I ran downstairs, expecting to find my brother in the living room with a dot on his head and noisy things on his fingers, or to find an alien had put on a Jason suit, or farm animals to be flying around the room, or the world to be coming to an end, or to find him drunk because he unknowingly drank some spiked apple cider out of his suitcase of summer sausage, or for sure pretending to read to be funny…you know, kind of like a little joke.

Jason brags that the only book he's read is My Side of the Mountain. On the way down the stairs, I thought to myself, "Does he pack his one book and take it on trips?"

Nope. He WAS reading. And it wasn't My Side of the Mountain. It was a cookbook!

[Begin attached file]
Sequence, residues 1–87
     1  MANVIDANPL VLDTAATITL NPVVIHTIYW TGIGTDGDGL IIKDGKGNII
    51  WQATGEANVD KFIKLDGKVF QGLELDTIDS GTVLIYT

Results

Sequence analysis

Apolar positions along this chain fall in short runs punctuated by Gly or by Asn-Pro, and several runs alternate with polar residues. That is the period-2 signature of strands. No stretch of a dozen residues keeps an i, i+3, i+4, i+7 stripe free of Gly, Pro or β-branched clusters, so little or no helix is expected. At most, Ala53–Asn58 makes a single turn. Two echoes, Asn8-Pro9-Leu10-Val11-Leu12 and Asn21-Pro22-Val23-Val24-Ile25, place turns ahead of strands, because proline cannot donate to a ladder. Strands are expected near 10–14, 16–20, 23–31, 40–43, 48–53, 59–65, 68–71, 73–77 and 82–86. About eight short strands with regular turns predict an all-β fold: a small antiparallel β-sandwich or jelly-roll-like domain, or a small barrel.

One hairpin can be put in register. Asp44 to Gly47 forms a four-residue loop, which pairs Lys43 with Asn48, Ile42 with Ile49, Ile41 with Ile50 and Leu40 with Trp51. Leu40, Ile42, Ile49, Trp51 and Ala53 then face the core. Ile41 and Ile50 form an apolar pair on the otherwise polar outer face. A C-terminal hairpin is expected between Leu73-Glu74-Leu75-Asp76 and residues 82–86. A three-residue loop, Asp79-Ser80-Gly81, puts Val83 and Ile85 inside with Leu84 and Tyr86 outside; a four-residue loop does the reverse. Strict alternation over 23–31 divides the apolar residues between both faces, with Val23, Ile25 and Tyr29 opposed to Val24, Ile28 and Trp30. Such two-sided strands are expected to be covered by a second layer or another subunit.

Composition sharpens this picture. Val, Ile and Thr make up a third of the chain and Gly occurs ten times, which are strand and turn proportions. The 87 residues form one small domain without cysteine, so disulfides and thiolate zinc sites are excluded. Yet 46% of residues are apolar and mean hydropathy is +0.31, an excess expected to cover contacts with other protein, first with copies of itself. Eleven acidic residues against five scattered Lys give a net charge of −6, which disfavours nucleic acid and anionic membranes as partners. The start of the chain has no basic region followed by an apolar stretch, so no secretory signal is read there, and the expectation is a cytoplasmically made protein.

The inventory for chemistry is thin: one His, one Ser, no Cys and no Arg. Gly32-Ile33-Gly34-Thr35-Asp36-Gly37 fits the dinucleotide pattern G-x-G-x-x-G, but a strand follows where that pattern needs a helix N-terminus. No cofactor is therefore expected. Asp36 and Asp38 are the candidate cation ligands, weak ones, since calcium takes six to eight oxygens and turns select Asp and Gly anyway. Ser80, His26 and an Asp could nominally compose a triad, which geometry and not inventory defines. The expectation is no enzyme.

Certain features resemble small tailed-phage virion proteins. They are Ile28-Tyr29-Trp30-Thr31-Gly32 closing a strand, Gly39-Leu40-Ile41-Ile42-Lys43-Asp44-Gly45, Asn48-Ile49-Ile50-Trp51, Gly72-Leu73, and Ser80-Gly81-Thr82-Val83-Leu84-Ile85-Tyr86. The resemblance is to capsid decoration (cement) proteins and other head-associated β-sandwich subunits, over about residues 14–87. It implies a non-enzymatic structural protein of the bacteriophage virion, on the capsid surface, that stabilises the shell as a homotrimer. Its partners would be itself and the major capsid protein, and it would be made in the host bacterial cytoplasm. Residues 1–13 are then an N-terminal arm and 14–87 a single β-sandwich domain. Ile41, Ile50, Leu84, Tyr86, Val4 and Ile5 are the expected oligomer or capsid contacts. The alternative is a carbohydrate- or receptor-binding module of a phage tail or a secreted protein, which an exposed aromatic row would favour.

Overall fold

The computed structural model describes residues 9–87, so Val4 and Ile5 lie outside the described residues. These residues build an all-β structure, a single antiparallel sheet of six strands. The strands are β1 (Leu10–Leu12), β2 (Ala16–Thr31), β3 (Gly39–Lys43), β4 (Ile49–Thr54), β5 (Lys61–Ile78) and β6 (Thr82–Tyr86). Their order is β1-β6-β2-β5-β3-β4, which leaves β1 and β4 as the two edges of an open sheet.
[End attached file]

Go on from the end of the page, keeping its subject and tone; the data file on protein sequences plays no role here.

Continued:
I shuddered and went straight back upstairs, shaking my head.

Back to my point...

I’ve made several things in the cookbook so far.

They have all been good, so I thought I would pass them along to fellow cult members. You really should break out your math manipulatives wrapped around a janitor's key chain and make these things:

Pepsi Pot Roast

This one was from cute Kirby who’s about to be done being a human crock pot. I CAN’T WAIT!!

You need…

20 oz. of Pepsi
1 large can of cream of mushroom soup
Lipton onion soup mix
Package of baby carrots

I doubled this recipe because I only cook for 95 people. I did this before we even had kids. There's something wrong with me. I’m sure God is getting me ready for when all these little boys turn into big boys.

I browned two roasts and covered them with Grill Mates seasoning. Then I put them in the crock-pot. I poured in two packages of Lipton Onion Soup Mix. THEN, I poured almost all of a 2 liter Pepsi on top.